We must stop vile human trafficking trade
Human trafficking is the vilest of crimes. It reduces people to commodities and is rightly described as modern-day slavery.
Men, women and children across the world may become victims and could face years of sexual exploitation, forced labour, or domestic servitude.
It is a global phenomenon – and Northern Ireland has not escaped its clutches.
The National Referral Mechanism (NRM) is the UK's framework for identifying victims of human trafficking and ensuring they have access to support.
Since its establishment in 2009, the number of potential victims of trafficking referred to it from Northern Ireland has risen to 104.
While the numbers in Northern Ireland are lower than in neighbouring jurisdictions, it is unacceptable that any individual should be trafficked.
I believe that eradicating it requires partnership – at local, national and international levels.
Significant progress is being made: potential victims are supported while their cases are being considered; new offences have been created so that prosecutors have robust powers to pursue traffickers through the courts.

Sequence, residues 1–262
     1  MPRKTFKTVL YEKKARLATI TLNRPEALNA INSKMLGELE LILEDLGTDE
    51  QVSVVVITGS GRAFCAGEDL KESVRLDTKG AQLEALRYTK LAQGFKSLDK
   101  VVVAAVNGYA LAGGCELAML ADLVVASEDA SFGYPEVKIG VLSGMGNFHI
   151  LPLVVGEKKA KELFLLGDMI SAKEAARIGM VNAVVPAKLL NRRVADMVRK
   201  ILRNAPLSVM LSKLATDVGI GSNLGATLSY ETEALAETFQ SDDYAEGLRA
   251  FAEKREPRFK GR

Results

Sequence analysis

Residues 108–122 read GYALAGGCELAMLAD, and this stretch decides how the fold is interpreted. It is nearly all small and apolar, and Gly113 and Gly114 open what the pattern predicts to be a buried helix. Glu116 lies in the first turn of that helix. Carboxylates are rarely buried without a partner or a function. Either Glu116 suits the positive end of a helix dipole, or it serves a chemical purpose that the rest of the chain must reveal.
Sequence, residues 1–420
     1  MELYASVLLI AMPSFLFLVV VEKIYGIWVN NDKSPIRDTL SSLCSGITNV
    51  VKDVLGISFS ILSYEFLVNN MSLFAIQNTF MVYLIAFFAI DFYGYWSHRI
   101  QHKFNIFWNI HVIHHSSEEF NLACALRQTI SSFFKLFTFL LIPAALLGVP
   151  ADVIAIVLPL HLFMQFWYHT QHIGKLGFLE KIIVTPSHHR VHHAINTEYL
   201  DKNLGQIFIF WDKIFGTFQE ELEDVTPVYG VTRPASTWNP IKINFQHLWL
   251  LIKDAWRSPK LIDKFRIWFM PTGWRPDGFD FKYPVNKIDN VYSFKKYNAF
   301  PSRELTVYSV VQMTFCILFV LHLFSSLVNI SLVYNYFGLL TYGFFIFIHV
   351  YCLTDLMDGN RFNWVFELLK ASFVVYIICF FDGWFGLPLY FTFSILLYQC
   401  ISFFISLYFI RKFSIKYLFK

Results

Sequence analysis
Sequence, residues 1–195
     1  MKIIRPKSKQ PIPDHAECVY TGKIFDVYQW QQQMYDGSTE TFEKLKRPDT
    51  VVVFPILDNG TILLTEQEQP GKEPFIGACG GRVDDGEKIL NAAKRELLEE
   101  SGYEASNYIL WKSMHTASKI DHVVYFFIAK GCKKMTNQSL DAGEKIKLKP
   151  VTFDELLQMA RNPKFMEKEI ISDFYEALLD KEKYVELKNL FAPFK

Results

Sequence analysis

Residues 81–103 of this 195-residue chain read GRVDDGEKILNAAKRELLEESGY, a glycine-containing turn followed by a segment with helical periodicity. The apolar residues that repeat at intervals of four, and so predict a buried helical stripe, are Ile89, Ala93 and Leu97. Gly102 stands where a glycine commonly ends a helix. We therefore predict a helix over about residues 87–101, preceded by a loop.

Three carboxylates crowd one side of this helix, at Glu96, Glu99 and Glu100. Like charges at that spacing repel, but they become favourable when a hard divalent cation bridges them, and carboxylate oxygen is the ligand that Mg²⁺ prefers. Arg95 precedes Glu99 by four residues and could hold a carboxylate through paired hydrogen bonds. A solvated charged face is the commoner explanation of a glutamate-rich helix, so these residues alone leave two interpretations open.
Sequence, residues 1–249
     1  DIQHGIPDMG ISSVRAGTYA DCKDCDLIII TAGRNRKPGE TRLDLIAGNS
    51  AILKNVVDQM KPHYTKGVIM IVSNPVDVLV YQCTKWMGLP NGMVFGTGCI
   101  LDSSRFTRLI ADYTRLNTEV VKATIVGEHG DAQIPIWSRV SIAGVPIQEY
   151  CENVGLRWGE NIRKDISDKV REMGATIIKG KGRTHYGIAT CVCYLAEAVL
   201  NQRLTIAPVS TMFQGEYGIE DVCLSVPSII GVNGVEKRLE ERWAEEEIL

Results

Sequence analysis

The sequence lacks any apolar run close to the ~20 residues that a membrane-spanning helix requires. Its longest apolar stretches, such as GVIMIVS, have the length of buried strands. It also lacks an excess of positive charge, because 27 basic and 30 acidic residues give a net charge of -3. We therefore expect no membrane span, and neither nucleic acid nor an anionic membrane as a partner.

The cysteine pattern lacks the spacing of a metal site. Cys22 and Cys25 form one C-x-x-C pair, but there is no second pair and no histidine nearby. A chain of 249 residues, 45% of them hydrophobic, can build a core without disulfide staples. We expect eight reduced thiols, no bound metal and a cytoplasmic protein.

Recently, I have taken part in a series of events to raise awareness, including a cross-border forum with the Irish minister for justice and equality, Alan Shatter, and a special meeting of the inter-departmental ministerial group (IDMG) on human trafficking, chaired by the prime minister at Number 10 Downing Street.
With the ministers for education and for employment and learning, I have also been visiting schools and further education colleges across Northern Ireland to encourage young people to become active citizens in the fight against trafficking.
Human trafficking is a serious issue with serious consequences. Driving it from our shores will require individuals across society to stand together against it, by recognising the signs of trafficking and by reporting suspicions to the police, or Crimestoppers.
I urge people to join the fight against trafficking, because together we are stronger.
More information on signs of trafficking can be found at www.blueblindfold.co.uk.
David Ford MLA is Justice Minister